A three-way proteomics strategy allows differential analysis of yeast mitochondrial membrane protein complexes under anaerobic and aerobic conditions

Authors

  • Andreas O. Helbig,

    1. Biomolecular Mass Spectrometry and Proteomics Group, Bijvoet Center for Biomolecular Research and Utrecht Institute for Pharmaceutical Sciences, Utrecht University, Utrecht, The Netherlands
    2. Netherlands Proteomics Centre, Utrecht, The Netherlands
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  • Marco J. L. de Groot,

    1. Biomolecular Mass Spectrometry and Proteomics Group, Bijvoet Center for Biomolecular Research and Utrecht Institute for Pharmaceutical Sciences, Utrecht University, Utrecht, The Netherlands
    2. Netherlands Proteomics Centre, Utrecht, The Netherlands
    Current affiliation:
    1. Information and Communication Theory Group, Delft University of Technology, Mekelweg 4, Delft, 2628 CD, The Netherlands
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  • Renske A. van Gestel,

    1. Biomolecular Mass Spectrometry and Proteomics Group, Bijvoet Center for Biomolecular Research and Utrecht Institute for Pharmaceutical Sciences, Utrecht University, Utrecht, The Netherlands
    2. Netherlands Proteomics Centre, Utrecht, The Netherlands
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  • Shabaz Mohammed,

    1. Biomolecular Mass Spectrometry and Proteomics Group, Bijvoet Center for Biomolecular Research and Utrecht Institute for Pharmaceutical Sciences, Utrecht University, Utrecht, The Netherlands
    2. Netherlands Proteomics Centre, Utrecht, The Netherlands
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  • Erik A. F. de Hulster,

    1. Department of Biotechnology, Delft University of Technology, Delft, The Netherlands
    2. Kluyver Centre for Genomics of Industrial Fermentation, Delft, The Netherlands
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  • Marijke A. H. Luttik,

    1. Department of Biotechnology, Delft University of Technology, Delft, The Netherlands
    2. Kluyver Centre for Genomics of Industrial Fermentation, Delft, The Netherlands
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  • Pascale Daran-Lapujade,

    1. Department of Biotechnology, Delft University of Technology, Delft, The Netherlands
    2. Kluyver Centre for Genomics of Industrial Fermentation, Delft, The Netherlands
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  • Jack T. Pronk,

    1. Department of Biotechnology, Delft University of Technology, Delft, The Netherlands
    2. Kluyver Centre for Genomics of Industrial Fermentation, Delft, The Netherlands
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  • Albert J. R. Heck,

    1. Biomolecular Mass Spectrometry and Proteomics Group, Bijvoet Center for Biomolecular Research and Utrecht Institute for Pharmaceutical Sciences, Utrecht University, Utrecht, The Netherlands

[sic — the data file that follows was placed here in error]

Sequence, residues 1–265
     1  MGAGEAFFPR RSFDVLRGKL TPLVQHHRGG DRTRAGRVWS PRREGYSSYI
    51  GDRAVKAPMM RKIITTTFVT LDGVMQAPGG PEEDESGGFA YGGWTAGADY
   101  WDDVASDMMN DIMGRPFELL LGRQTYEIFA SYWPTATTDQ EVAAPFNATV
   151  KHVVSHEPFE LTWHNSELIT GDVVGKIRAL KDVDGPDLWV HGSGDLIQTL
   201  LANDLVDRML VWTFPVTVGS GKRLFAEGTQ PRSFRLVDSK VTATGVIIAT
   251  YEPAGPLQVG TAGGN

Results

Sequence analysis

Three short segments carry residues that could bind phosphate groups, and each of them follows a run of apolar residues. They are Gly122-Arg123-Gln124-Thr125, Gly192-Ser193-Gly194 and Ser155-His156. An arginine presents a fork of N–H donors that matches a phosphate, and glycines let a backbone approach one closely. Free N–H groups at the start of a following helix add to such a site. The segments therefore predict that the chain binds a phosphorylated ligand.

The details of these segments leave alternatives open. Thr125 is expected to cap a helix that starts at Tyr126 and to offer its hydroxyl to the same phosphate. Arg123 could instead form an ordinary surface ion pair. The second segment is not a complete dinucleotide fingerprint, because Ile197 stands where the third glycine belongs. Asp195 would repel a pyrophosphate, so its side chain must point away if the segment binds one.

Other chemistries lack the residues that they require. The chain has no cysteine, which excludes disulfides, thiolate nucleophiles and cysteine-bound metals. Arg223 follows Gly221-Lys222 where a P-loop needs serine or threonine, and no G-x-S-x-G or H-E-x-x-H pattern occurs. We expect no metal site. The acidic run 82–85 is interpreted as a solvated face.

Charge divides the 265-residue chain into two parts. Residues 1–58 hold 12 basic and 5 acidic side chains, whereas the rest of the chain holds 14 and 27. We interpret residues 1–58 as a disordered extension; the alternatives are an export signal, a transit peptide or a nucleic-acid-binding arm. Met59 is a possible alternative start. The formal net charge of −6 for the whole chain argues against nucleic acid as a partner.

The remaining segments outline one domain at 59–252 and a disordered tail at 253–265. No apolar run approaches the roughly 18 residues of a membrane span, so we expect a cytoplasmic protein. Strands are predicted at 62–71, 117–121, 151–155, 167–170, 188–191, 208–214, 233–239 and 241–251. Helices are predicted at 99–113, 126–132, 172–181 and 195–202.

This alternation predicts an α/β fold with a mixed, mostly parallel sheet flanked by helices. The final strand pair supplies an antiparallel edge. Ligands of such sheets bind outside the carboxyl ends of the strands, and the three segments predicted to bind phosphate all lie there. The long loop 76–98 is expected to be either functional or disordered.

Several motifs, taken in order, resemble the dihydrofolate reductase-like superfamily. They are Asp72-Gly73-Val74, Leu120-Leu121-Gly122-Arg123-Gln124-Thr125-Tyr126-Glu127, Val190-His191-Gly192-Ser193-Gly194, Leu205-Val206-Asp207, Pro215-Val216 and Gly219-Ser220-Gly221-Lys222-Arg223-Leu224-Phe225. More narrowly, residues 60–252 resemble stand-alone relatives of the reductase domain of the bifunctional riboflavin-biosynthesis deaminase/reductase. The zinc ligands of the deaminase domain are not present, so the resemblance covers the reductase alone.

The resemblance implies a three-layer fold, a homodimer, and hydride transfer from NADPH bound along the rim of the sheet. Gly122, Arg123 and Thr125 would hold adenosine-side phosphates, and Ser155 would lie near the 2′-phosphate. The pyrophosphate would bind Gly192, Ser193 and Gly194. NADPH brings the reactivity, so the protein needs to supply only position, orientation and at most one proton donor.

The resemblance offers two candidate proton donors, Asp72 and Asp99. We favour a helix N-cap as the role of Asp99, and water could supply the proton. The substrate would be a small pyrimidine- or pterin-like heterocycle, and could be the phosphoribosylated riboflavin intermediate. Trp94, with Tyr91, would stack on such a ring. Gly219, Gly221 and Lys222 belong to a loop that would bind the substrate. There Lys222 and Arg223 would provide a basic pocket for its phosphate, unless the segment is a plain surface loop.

2. Netherlands Proteomics Centre, Utrecht, The Netherlands
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  • Monique Slijper

    Corresponding author
    1. Biomolecular Mass Spectrometry and Proteomics Group, Bijvoet Center for Biomolecular Research and Utrecht Institute for Pharmaceutical Sciences, Utrecht University, Utrecht, The Netherlands
    2. Netherlands Proteomics Centre, Utrecht, The Netherlands
    • Biomolecular Mass Spectrometry and Proteomics Group, Utrecht University, Sorbonnelaan 16, 3584 CA Utrecht, The Netherlands Fax: +31-302518219
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Abstract

To investigate the effect of anaerobiosis on the Saccharomyces cerevisiae mitochondrial proteome and the formation of respiratory chain and other protein complexes, we analyzed mitochondrial protein extracts that were enriched from lysates of aerobic and anaerobic steady-state chemostat cultures. We chose an innovative approach in which native mitochondrial membrane protein complexes were separated by 1-D blue native PAGE, which was combined with quantitative analysis of each complex subunit using stable isotope labeling. LC-FT(ICR)-MS/MS analysis was applied to identify and quantify the mitochondrial proteins. In addition, to establish if changes in mitochondrial complex composition occurred under anaerobiosis, we investigated the 1-D blue native PAGE protein migration patterns by Pearson correlation analysis. Surprisingly, we discovered that under anaerobic conditions, where the yeast respiratory chain is not active, the respiratory chain supercomplexes, such as complex V dimer, complex (III)2(IV)2 and complex (III)2(IV) were still present, although at reduced levels. Pearson correlation analysis showed that the composition of the mitochondrial complexes was unchanged under aerobic or anaerobic conditions, with the exception of complex II. In addition, this latter approach allowed screening for possible novel complex interaction partners, since for example protein Aim38p, with a yet unknown function, was identified as a possible component of respiratory chain complex IV.

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